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ebtnut

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« Reply #8 on: October 22, 2010, 12:50:43 PM »

Some model world basics to keep in mind - The number of drivers is an indicator, but not a determinant.  The more drivers, generally the larger and heavier the model, which would usually equate to more pulling power.  However, factors such as the finish on the driver tires (the shiner, the slicker), rubber traction tires, spring tension (especially on the pilot and trailing trucks) all enter into this.  You can have a good 0-8-0 switcher that might out-pull a 2-8-2 because all of the weight is on the drivers. 
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K487

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« Reply #9 on: October 23, 2010, 08:40:44 PM »

Hey Bob:

I like your Bmann HO steam loco review above.

Could you advise where you would put their 2-8-4?  Thanks.

Doug
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bobwrgt

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« Reply #10 on: October 24, 2010, 08:47:55 AM »

Sorry i don't have any 2-8-4 from Bachmann. Just Rivarossi and Proto. From what i have read they are not the best pullers for their size but others have added weight that works well.
All the light pulling engines can be improved using Bullfrog Snot. It's a coating for the wheels like a rubber tire.
I have used it on the 2-8-2 SY from Bachmann and it works great. The Sy is another not so good puller for it's  size. About the same as the 2-10-0.

Bob
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K487

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« Reply #11 on: October 24, 2010, 04:12:34 PM »

Bob:

Thanks.

Doug
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ebtnut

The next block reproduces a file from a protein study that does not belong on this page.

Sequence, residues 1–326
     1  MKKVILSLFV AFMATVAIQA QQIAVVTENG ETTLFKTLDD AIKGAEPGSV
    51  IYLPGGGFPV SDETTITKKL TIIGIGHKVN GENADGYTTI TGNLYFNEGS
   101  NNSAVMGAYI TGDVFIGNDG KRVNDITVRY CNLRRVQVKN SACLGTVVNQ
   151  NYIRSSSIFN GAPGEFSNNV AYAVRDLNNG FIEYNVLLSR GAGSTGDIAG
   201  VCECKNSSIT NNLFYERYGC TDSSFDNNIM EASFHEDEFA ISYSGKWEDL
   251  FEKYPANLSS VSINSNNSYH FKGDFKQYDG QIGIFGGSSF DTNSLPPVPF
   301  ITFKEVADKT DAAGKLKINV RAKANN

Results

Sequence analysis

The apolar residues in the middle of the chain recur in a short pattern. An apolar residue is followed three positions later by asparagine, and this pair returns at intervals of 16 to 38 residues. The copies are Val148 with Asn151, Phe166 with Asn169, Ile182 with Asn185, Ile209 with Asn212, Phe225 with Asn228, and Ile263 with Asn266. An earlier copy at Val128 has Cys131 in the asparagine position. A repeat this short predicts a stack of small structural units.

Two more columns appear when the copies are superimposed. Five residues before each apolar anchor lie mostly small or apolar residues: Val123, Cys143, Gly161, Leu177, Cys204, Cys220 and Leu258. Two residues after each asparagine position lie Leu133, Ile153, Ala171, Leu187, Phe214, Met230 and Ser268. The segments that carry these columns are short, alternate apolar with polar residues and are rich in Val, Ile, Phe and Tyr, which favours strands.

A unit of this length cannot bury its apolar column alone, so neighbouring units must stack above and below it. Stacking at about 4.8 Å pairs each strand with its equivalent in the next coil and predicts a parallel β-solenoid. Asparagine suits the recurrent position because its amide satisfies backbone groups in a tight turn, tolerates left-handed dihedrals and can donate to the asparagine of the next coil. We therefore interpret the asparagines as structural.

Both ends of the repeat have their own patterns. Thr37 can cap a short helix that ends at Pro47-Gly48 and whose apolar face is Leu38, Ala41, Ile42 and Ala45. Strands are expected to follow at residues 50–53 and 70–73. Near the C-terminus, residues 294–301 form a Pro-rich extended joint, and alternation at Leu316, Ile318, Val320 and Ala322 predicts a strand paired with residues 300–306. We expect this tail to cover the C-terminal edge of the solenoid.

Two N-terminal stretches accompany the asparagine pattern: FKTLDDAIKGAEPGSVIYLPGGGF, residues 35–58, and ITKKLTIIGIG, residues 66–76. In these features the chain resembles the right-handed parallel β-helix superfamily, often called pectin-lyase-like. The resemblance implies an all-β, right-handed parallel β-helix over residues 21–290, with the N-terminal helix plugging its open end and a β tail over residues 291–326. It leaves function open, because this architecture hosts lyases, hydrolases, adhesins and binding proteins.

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« Reply #12 on: October 25, 2010, 01:52:44 PM »

Bob:  Have you made any determinant on the durability of the Bullfrog Snot?  I intend to use it on a loco to solve a shorting problem, and wondered how long I might expect to go between reapplications.
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bobwrgt

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« Reply #13 on: October 25, 2010, 06:17:18 PM »

Can't say. But i know the jar will last me a lifetime. It all depends on how many coats you give it. You can build it up in layers.  I have one engine with at least 4 hrs run time on the original coat.
If you are looking for an insulator between two non moving parts silicon sealer should work.

Bob
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Doneldon

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« Reply #14 on: October 27, 2010, 09:45:11 PM »

BF Snot can be useful, as is adding weight to the loco.  However, be careful when adding weight.  It is possible to put so much weight in that it strains and eventually burns out the motor.  I suggest checking the current the loco pulls when without load beyond its own weight, and then at full stall.  To check full stall hold the loco and push down until the wheels can't turn anymore.  Only do that for a moment as you will damage the motor if you hold it in stall for more than a very short time.  Then add weight until the amperage reaches about the midpoint between the free and stall currents.  Some folks weight up closer to 75-80 percent but I think that leaves too little margin for the load put on by a train.  Good luck with your problem.

                                                                                                                                          -- D
« Last Edit: December 05, 2010, 03:34:34 AM by Doneldon » Logged